First 8K video from space shot on the RED HELIUM

It’s not quite up there with the level of putting a man on the moon, but the first footage captured from space in 8K has been released by NASA. Unfortunately, the video posted on YouTube is only available to watch in HD, unless Chrome Browser is used.

Rodney Grubbs , Dylan Mathis, and other astronauts have been living, working and conducting research from the International Space Station. Astronaught Rodney Grubbs said, “I’ve been so excited for this to get released. Earlier this year we flew an 8K version of the Red digital cinema camera. We started getting shots downlinked over the past few weeks. Fantastic job of shooting by our astronauts. Being part of another “first” in space keeps me motivated to keep pushing the state of the art for imaging in space. Big thanks to my co-investigator Dylan Mathis and our partner, Red, and Red’s Jarred Land for being, well, Jarred. Any time we hit him with a crazy idea for doing something new in space imaging, he’s all-in!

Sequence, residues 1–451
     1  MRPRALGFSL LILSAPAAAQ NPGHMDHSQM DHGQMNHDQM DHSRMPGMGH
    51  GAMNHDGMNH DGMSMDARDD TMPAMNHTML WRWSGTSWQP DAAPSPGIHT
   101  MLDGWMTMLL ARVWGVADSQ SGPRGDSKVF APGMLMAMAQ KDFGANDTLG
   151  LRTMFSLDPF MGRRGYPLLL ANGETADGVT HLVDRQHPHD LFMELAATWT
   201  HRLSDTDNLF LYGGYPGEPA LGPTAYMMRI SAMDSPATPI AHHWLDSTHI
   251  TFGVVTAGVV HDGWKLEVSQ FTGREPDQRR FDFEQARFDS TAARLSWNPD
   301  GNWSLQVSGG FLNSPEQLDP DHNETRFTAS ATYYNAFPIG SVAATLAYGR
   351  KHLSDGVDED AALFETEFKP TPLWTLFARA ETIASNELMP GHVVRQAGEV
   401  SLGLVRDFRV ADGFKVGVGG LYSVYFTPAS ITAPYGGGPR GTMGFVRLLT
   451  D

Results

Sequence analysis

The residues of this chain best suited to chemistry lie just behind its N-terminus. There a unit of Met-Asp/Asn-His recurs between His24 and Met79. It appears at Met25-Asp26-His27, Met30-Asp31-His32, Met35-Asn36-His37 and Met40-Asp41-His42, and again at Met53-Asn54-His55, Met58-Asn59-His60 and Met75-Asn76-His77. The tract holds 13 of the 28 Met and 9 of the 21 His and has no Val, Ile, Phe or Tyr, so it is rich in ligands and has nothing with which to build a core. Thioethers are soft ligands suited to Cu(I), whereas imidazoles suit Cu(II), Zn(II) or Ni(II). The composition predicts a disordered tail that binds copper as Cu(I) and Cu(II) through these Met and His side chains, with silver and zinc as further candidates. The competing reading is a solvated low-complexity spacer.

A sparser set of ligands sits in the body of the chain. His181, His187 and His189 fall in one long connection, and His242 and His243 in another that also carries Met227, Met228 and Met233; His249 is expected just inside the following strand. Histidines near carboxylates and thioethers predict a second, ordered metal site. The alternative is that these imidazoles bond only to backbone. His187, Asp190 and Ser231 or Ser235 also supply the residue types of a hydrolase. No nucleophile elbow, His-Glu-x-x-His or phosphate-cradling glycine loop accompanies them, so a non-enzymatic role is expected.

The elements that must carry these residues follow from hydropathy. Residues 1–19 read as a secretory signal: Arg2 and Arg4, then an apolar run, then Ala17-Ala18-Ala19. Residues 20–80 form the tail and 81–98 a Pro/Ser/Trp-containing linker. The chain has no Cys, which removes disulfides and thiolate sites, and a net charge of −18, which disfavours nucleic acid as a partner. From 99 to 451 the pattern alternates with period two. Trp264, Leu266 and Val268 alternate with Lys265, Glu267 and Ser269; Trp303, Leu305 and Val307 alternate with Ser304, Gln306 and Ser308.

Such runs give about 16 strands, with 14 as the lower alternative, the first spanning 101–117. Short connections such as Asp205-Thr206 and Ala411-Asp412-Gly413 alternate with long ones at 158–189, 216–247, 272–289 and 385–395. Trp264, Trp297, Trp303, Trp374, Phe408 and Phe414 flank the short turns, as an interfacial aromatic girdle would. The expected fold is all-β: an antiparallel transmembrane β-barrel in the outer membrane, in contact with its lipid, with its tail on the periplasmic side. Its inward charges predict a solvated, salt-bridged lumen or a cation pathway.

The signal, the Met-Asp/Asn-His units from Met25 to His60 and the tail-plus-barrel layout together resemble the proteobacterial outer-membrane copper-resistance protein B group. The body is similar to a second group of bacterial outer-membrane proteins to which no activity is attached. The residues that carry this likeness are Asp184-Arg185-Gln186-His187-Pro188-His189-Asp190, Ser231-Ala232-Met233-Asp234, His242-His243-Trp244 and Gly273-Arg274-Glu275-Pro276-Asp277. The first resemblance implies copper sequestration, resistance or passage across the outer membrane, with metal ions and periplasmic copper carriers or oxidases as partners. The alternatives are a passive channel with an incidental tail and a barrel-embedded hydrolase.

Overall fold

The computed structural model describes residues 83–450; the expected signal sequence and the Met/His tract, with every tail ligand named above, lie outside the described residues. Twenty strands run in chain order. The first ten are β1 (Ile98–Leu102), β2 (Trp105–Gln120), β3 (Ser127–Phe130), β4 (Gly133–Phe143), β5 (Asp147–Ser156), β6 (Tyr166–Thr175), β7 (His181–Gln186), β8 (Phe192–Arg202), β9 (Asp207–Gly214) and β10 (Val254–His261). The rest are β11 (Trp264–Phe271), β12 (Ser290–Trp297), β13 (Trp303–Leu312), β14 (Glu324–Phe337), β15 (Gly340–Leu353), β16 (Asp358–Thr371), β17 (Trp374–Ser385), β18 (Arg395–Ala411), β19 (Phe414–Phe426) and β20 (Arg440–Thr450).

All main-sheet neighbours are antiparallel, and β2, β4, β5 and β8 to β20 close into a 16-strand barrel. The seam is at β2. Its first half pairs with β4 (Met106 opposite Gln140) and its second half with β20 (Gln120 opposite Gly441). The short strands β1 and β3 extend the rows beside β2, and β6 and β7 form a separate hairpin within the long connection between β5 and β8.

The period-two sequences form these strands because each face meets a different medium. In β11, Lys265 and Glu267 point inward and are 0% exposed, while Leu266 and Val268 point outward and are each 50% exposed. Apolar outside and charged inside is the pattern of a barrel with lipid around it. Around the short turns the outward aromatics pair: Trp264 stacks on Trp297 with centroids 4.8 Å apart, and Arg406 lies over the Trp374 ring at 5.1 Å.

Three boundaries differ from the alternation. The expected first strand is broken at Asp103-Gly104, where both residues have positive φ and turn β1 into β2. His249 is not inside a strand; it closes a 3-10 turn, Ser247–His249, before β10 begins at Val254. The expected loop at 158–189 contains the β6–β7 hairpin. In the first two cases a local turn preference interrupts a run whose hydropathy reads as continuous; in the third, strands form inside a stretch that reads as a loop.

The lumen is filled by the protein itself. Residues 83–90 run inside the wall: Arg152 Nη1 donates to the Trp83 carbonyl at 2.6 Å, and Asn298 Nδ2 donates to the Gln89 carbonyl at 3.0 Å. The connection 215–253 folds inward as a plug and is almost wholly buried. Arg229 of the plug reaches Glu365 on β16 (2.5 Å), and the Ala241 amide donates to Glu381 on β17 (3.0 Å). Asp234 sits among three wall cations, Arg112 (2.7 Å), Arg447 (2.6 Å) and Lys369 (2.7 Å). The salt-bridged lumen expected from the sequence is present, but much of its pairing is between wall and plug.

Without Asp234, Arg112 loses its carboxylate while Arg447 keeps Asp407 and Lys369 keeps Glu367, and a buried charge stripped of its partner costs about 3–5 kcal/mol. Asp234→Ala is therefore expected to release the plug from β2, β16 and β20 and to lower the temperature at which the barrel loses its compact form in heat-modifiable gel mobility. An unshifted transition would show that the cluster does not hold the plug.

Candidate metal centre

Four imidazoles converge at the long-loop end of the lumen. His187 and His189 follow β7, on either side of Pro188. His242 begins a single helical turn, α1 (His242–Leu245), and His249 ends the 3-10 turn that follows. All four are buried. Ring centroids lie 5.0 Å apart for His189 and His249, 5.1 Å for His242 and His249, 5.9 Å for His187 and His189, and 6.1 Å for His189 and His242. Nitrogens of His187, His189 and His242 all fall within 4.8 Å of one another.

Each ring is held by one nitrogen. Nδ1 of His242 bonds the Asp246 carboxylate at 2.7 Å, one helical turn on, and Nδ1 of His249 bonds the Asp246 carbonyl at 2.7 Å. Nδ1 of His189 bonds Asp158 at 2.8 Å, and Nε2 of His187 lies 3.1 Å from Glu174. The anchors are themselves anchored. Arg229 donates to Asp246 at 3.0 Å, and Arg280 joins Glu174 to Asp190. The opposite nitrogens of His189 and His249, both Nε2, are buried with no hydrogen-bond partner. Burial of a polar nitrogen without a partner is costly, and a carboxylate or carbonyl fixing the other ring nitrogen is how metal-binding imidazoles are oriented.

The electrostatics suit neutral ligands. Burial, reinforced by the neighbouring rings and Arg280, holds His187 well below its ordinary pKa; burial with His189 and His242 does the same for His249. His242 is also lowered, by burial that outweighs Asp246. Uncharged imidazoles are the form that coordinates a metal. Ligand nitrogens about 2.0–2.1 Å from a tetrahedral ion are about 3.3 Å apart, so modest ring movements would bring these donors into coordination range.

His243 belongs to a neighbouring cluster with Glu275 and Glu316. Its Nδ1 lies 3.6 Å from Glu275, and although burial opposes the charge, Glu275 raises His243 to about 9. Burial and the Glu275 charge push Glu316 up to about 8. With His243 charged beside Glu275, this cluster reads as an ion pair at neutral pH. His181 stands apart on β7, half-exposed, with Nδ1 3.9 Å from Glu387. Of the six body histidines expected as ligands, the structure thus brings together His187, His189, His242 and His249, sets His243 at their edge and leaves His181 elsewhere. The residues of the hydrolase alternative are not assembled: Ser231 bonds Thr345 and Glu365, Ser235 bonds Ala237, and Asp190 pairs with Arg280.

Image credit: NASA

NASA said that while a 4K camera brought beautiful footage of fluid behavior in the space station’s microgravity environment to the world, the new 8K video takes viewers through a variety of experiments and facilities aboard the orbiting outpost, which on Friday, Nov. 2  celebrated the 18th anniversary of humans living continuously aboard the Internation Space Station.

The nice thing about shooting in Zero-G environments is you don’t need a tripod, gimbal or Steadicam to get nice smooth footage.

The RED HELIUM was delivered to the station in April aboard the 14th SpaceX cargo resupply mission through a Space Act Agreement between NASA and RED. This camera’s ability to record twice the pixels and at resolutions four times higher than the 4K camera brings science in orbit into the homes, laboratories, and classrooms of everyone on Earth.

The Helium 8K camera by RED, a digital cinema company, is capable of shooting at resolutions ranging from conventional HDTV up to 8K, specifically 8192 x 4320 pixels. By comparison, the average HD consumer television displays up to 1920 x 1080 pixels of resolution, and digital cinemas typically project in resolutions of 2K to 4K.

If you want to download the original video you can here.


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